Cookies used in this website are gluten free, wheat free and dairy free. By using this website you agree to our use of cookies. More Info
Guest
Login Below
Join Us On Social Media!
   
Get The Model Boats App!
Apple App Store
Android app on Google Play


Help Support This Website
£
or enter custom amount

(Non Contributor)

Help support this free
website and donate.



£285 a year is needed to keep the website and apps online. Please consider donating £5 or more to help towards these fees.
All donations are securely managed through PayPal. Amounts donated are not published online.

Many thanks for your kind support.

Model Boats Website Team


Donation History
August 2017: 7 people
July 2017: 16 people
June 2017: 8 people
May 2017: 8 people
April 2017: 23 people
March 2017: 9 people
February 2017: 12 people
January 2017: 17 people


Unique Visitors This Month

Website Members

Terms and Conditions
Privacy Policy
Advertising
Contact


Model Boats Website
Active Users (27)
Login or Register
To Remove This Ad

Login or Register
To Remove This Ad
>> Home > Tags > waterline

waterline
ahc waterson b444
blackwater
salt water
water cooled
water jacket
water line
water proofing
water pump
waterproof
waterline
propshafts by RNinMunich Fleet Admiral!   Posted: 3 days ago
Hi Dave, Yep, agree, to a certain extent. I have also had surprising results with 385 / 400 sizes; for instance with my 110cm heavy and cramped submarine. On the surface it outruns most boy racers 😁 Not exactly scale but all good fun. A little down angle on the forward planes and it throws up a beautiful handlebar moustache of water 😊 Not too much angle at speed or it sticks it's tail in the air 😲 No, the main question was that Fred already has the 700s so I simply suggested a decent match, 5mm shaft and so on. If he wants to spend on more motors fine. the the 3mm shaft would surely save weight, mostly through the smaller tube. Don't know the rest of the detail of the boat; beam, draft, safe waterline etc, but I would have thought a 3 footer would have a reasonable carrying capacity, like my 3 and 4 foot warships. Most of those run on multiple Speed 600s. And there I have the usual warship high length to beam ratio and associated stability problems! Like I said; he pays his money and takes his choice. Personally I would give it a whirl with the 700s since they are in the box! Maybe though with a 3 or 4mm shaft and appropriate coupling so he can adapt later if he wants to. Would still think a pair of 35 props would do the trick. Whatever, have fun Fred. Look forward to the Sea trials Report! (Wrote, read and commented enough of 'em in my old job!) Cheers Doug 😎 Oh no! Yet another thunderstorm just started, my terrace is already swamped 🤔

Decks by RNinMunich Fleet Admiral!   Posted: 5 days ago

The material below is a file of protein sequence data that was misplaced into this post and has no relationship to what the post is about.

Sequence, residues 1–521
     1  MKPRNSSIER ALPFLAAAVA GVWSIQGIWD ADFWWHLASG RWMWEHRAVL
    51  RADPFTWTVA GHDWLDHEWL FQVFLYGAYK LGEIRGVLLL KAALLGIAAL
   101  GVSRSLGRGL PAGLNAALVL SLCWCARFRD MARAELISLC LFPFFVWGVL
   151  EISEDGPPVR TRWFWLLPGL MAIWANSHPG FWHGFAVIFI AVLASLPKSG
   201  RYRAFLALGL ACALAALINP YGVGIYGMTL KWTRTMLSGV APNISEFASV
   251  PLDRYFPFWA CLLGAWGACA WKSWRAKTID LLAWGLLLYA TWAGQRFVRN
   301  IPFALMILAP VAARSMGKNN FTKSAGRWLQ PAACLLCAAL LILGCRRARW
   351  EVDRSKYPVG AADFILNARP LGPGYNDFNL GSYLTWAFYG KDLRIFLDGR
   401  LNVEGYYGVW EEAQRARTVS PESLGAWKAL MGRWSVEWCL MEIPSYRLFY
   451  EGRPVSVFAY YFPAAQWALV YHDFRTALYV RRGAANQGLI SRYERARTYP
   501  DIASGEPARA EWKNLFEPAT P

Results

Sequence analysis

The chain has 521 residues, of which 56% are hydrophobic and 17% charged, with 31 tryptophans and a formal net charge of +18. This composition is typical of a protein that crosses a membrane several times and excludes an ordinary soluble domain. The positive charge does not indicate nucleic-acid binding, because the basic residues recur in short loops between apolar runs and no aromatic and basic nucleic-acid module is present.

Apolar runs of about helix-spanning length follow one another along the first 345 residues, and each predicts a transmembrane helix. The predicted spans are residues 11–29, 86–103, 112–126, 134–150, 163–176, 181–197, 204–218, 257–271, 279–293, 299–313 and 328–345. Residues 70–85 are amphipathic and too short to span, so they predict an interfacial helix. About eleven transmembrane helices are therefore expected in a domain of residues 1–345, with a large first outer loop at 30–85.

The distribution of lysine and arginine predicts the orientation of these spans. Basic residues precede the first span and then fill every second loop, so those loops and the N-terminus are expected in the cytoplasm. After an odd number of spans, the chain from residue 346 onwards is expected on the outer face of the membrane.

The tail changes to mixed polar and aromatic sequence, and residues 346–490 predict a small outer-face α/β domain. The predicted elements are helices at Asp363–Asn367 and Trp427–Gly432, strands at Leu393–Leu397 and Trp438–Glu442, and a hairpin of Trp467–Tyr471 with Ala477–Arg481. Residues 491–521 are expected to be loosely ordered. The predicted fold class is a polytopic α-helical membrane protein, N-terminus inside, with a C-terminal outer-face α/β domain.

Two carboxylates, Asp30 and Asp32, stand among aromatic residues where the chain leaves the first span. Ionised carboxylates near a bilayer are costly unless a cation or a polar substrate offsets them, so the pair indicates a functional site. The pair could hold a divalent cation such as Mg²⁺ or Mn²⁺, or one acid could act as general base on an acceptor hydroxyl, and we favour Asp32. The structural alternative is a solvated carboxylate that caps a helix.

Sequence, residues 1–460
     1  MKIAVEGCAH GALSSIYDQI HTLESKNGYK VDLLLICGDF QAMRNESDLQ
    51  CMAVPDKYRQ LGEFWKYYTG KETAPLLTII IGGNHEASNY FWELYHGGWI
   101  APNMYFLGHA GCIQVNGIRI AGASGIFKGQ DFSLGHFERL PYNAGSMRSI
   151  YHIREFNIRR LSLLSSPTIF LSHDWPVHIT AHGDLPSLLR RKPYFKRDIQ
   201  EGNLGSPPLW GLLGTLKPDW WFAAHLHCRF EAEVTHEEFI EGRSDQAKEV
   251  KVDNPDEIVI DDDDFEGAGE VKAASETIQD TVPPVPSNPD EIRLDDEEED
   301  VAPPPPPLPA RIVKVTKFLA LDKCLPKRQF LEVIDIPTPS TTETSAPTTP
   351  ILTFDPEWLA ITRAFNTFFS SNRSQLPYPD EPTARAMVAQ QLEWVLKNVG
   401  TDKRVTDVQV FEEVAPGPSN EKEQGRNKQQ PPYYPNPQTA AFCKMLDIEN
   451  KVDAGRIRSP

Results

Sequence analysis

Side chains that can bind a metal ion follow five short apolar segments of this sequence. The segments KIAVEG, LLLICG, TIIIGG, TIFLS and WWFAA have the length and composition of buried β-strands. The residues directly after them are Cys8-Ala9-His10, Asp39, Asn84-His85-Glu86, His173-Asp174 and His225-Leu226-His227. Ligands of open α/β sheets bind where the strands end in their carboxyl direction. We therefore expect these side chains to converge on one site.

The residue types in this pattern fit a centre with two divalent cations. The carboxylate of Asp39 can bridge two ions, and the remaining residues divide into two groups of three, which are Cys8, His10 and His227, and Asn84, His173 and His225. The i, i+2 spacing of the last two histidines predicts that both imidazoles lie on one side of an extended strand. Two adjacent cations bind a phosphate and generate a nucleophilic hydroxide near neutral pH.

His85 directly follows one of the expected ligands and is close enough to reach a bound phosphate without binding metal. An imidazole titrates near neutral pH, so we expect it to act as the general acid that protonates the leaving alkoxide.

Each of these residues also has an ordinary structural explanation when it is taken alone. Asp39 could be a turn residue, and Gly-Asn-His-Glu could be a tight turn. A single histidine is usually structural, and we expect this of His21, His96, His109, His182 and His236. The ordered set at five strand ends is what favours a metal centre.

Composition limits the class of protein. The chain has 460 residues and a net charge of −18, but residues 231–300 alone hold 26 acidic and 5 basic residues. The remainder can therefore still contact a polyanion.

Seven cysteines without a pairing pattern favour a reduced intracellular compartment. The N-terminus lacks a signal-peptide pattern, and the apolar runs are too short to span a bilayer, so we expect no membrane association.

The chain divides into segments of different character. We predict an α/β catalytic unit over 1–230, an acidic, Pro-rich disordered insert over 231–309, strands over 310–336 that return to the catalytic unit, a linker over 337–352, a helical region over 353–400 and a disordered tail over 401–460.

Some info. on radar, armament and wartime mods! 'Ya pays ya money and yer takes yer choice'! 😎 "Armament, electronics and protection The main armament of the Illustrious class consisted of sixteen quick-firing (QF) 4.5-inch (110 mm) dual-purpose guns in eight twin-gun turrets, four in sponsons on each side of the hull. The roofs of the gun turrets protruded above the level of the flight deck to allow them to fire across the deck at high elevations.[11] The gun had a maximum range of 20,760 yards (18,980 m).[12] Her light anti-aircraft defences included six octuple mounts for QF 2-pounder ("pom-pom") anti-aircraft (AA) guns, two each fore and aft of the island and two in sponsons on the port side of the hull.[11] The 2-pounder gun had a maximum range of 6,800 yards (6,200 m).[13] The completion of Illustrious was delayed two months to fit her with a Type 79Z early-warning radar; she was the first aircraft carrier in the world to be fitted with radar before completion.[11] This version of the radar had separate transmitting and receiving antennas which required a new mainmast to be added to the aft end of the island to mount the transmitter.[14] The Illustrious-class ships had a flight deck protected by 3 inches (76 mm) of armour and the internal sides and ends of the hangars were 4.5 inches (114 mm) thick. The hangar deck itself was 2.5 inches (64 mm) thick and extended the full width of the ship to meet the top of the 4.5-inch waterline armour belt. The belt was closed by 2.5-inch transverse bulkheads fore and aft. The underwater defence system was a layered system of liquid- and air-filled compartments backed by a 1.5-inch (38 mm) splinter bulkhead.[15] Wartime modifications While under repair in 1941, Illustrious's rear "round-down" was flattened to increase the usable length of the flight deck to 670 feet (204.2 m).[16] This increased her aircraft complement to 41 aircraft by use of a permanent deck park.[17] Her light AA armament was also augmented by the addition of 10 Oerlikon 20 mm autocannon in single mounts with a maximum range of 4,800 yards (4,400 m).[18] In addition the two steel fire curtains in the hangar were replaced by asbestos ones.[19] After her return to the UK later that year, her Type 79Z radar was replaced by a Type 281 system and a Type 285 gunnery radar was mounted on one of the main fire-control directors.[16] The additional crewmen, maintenance personnel and facilities needed to support these aircraft, weapons and sensors increased her complement to 1,326.[7] During her 1943 refits, the flight deck was modified to extend its usable length to 740 feet (225.6 m), and "outriggers" were probably added at this time. These were 'U'-shaped beams that extended from the side of the flight deck into which aircraft tailwheels were placed. The aircraft were pushed back until the main wheels were near the edge of the flight deck to allow more aircraft to be stored on the deck. Twin Oerlikon mounts replaced most of the single mounts. Other twin mounts were added so that by May she had a total of eighteen twin and two single mounts. The Type 281 radar was replaced by an upgraded Type 281M, and a single-antenna Type 79M was added. Type 282 gunnery radars were added for each of the "pom-pom" directors, and the rest of the main directors were fitted with Type 285 radars. A Type 272 target-indicator radar was mounted above her bridge.[16] These changes increased her aircraft capacity to 57[20] and caused her crew to grow to 1,831.[7] A year later, in preparation for her service against the Japanese in the Pacific, one starboard octuple "pom-pom" mount, directly abaft the island, was replaced by two 40 mm Bofors AA guns;[21] which had a maximum range of 10,750 yards (9,830 m).[22] Two more twin Oerlikon mounts were added, and her boilers were retubed.[21] At this time her complement was 1,997 officers and enlisted men.[7] By 1945, accumulated wear-and-tear as well as undiagnosed shock damage to Illustrious's machinery caused severe vibrations in her centre propeller shaft at high speeds. In an effort to cure the problem, the propeller was removed, and the shaft was locked in place in February; these radical measures succeeded in reducing, but not eliminating, the vibrations and reduced the ship's speed to about 24 knots (44 km/h; 28 mph).["